This is the final post in a mini-series that’s looked back at my past. This post is a bit different because I don’t have any photos to capture my mental health nursing career. I became a nurse in 2004. It was my second health professional career; the first was as a pharmacist. This is a quick overview of where my career has taken me.
I realized while I was in nursing school that I wanted my career to focus on psychiatry, and I had requested to do my final preceptorship experience, which is the last bit of school prior to graduation, on a psych ward. The school was limited to the placements that they were able to find, so I ended up doing my preceptorship on a surgical ward. That meant that I really didn’t have a lot of psych experience when I started working, although at least knowing the meds wasn’t an issue.
Job #1: Inpatient
My first nursing job was on an acute inpatient psychiatry unit. It wasn’t a locked unit, nor were any of the other inpatient units at that particular hospital. That was mostly a good thing, but certainly posed some challenges given how easy it was for patients to AWOL.
Unlike a lot of hospital units, our shifts were 8 hours long. I had a day/night line, working mostly days and then a stretch of 6 nights in a row every 6 weeks or so. By night number 6 it felt like my IQ had dropped by half. On day shifts, though, I was on the ball and soaking everything up like a sponge. I learned a ton from my colleagues, both in terms of what to do and what not to do.
It was almost 2 1/2 years after I started working that I ended being hospitalized as a result of my first episode of depression. After I went back to work, I waited for the conditions to be taken off my nursing license (which took a year and some-odd) and then started looking for another job.
Job #2: Community Mental Health Team
The job I ended up taking was as a nurse case manager at an inner-city mental health team. I absolutely loved it. I had a caseload of regular clients, and there was quite a bit of outreach, like chasing people down for their regular antipsychotic injections. I was at that job for four years and got to know most of my clients really well. I would see people anywhere from daily to every 3 months.
Our office was smack dab in the middle of skid row, and it was quite the eye-opening experience. Open drug use, prostitution, atrocious living conditions – it wasn’t just about anonymous social problems, it was about my clients and their community, and it was the world they lived in. I learned a great deal working in that neighbourhood.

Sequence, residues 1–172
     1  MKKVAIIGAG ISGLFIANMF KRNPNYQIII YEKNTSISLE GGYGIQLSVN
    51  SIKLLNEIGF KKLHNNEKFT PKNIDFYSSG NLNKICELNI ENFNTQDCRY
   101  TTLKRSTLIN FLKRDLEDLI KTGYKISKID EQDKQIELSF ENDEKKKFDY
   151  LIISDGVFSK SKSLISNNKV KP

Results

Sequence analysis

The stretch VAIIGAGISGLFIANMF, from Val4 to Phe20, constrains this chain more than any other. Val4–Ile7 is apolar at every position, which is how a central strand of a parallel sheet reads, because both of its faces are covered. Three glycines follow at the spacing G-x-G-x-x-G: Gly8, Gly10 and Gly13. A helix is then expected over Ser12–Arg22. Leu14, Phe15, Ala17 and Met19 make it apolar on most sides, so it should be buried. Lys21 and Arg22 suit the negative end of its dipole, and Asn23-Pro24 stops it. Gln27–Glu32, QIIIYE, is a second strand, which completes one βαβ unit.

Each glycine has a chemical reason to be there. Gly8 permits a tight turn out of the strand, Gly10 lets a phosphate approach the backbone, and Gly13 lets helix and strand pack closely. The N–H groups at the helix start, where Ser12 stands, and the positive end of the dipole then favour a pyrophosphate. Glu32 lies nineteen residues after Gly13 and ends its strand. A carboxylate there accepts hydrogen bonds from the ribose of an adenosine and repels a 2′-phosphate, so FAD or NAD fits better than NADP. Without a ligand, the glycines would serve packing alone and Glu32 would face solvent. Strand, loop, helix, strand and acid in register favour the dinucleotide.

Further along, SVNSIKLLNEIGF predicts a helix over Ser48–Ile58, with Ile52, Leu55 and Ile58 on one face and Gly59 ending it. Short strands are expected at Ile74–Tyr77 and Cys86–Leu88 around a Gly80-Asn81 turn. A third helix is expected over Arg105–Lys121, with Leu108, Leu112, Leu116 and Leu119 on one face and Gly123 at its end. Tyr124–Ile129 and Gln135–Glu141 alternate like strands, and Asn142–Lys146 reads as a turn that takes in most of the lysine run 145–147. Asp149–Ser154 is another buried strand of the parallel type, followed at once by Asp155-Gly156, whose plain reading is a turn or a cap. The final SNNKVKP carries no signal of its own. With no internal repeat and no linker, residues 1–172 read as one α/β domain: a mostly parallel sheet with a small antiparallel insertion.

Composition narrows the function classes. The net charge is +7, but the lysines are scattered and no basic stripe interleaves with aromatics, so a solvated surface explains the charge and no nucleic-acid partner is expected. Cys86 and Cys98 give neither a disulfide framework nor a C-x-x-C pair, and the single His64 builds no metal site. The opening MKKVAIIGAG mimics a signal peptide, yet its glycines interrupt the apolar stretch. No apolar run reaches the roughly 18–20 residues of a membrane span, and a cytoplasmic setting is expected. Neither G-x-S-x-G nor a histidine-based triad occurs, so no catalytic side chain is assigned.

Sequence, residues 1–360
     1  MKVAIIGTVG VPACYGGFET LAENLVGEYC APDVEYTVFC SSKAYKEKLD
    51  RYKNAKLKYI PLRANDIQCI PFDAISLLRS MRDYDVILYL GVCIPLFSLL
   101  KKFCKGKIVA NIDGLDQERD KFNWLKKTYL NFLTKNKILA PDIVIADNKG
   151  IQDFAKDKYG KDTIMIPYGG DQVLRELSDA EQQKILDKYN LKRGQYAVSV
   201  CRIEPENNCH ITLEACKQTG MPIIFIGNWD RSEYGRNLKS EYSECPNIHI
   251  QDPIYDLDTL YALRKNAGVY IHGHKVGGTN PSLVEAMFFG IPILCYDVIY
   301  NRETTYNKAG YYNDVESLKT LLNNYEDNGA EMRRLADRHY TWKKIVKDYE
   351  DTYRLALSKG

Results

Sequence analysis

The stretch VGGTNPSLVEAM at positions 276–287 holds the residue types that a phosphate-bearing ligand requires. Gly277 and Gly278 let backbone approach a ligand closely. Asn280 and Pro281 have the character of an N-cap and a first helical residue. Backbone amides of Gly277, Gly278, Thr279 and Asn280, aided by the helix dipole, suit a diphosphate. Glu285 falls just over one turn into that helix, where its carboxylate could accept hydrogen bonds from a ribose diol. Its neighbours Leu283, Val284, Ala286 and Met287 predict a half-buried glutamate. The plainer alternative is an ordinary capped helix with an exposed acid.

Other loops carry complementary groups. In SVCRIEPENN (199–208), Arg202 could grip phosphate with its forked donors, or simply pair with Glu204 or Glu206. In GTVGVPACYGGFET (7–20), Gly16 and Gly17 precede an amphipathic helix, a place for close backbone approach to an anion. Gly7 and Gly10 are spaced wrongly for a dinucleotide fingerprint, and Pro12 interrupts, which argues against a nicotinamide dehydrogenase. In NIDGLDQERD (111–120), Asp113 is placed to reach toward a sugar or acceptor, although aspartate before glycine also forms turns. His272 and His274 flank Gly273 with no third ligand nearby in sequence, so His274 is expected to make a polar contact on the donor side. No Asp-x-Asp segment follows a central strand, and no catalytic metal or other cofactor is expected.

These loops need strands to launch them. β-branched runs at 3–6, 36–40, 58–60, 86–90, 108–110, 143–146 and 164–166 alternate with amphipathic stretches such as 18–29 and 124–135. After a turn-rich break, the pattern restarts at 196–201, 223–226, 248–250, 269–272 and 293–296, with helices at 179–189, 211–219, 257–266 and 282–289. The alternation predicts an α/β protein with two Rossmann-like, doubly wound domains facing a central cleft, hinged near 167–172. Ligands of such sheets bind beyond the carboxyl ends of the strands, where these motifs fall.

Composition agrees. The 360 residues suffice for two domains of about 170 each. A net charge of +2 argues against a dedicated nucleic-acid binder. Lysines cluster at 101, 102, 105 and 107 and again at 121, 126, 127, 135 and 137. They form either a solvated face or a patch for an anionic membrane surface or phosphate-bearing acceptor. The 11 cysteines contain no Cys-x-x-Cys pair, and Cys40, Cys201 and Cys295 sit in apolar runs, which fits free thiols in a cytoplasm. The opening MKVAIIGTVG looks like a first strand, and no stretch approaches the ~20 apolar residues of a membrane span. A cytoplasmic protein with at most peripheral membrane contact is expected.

I found that nurses in the community setting tended to have more say in the overall treatment plan than they did in the hospital, and there wasn’t the same kind of hierarchy among the different professions. I had great relationships with all of the doctors at the mental health team, and if I asked a doc to make a change to someone’s medication, they’d almost always do it without hesitation.
That was my favourite job and I would’ve been happy to do it for many, many years, but once my manager had decided that my illness aligned with the stereotype of dangerousness, I knew it was time to move on.
Job #3: Crisis Team
Next, I worked for a crisis stabilization team, helping to keep people out of hospital or providing added support at home so people could be discharged sooner. All of our work was outreach-based, seeing clients in their homes. Depending on who did the referral, the first meeting might be in a hospital. We got a lot of referrals from ER, so I got quite familiar with the two main ERs in the city.
It was interesting to see such a wide variety of different clients, but also going into different homes, ranging from skid row to multimillion-dollar homes. It was also nice to have the freedom of not being stuck in the office all day.
The schedule was great, too; 9am-9pm, with 4 days on and 4 or sometimes 5 days off. After I’d been there for 2 years and a bit, some major organizational changes happened and it all went to hell in a handbasket, which I won’t get into here.
Job #4: Concurrent Disorders Transitional Program
My current job (although I haven’t worked for several months) is at a transitional program for people who have been through a concurrent disorders (addiction plus another mental illness) treatment program. All of the clients are reasonably stable and preparing to move back into the community.
As a casual nurse picking up the odd night shift, I hand out the odd Tylenol or sleeping medication, and that’s about it. On rare occasions, someone might be really unwell or need to be transferred to hospital, but the vast majority of the time, it was just Tylenol or sedatives. Nothing fulfilling about that, but it’s what I was able to manage, at least when I was still managing to work.
And there you have it, a quick wander back through my nursing career. Up until the current job, which I’m in only because it’s what’s feasible, I really enjoyed the work that I did and the clients and colleagues that I learned so much from.
Missed the previous “this was me” posts? You can find them here:
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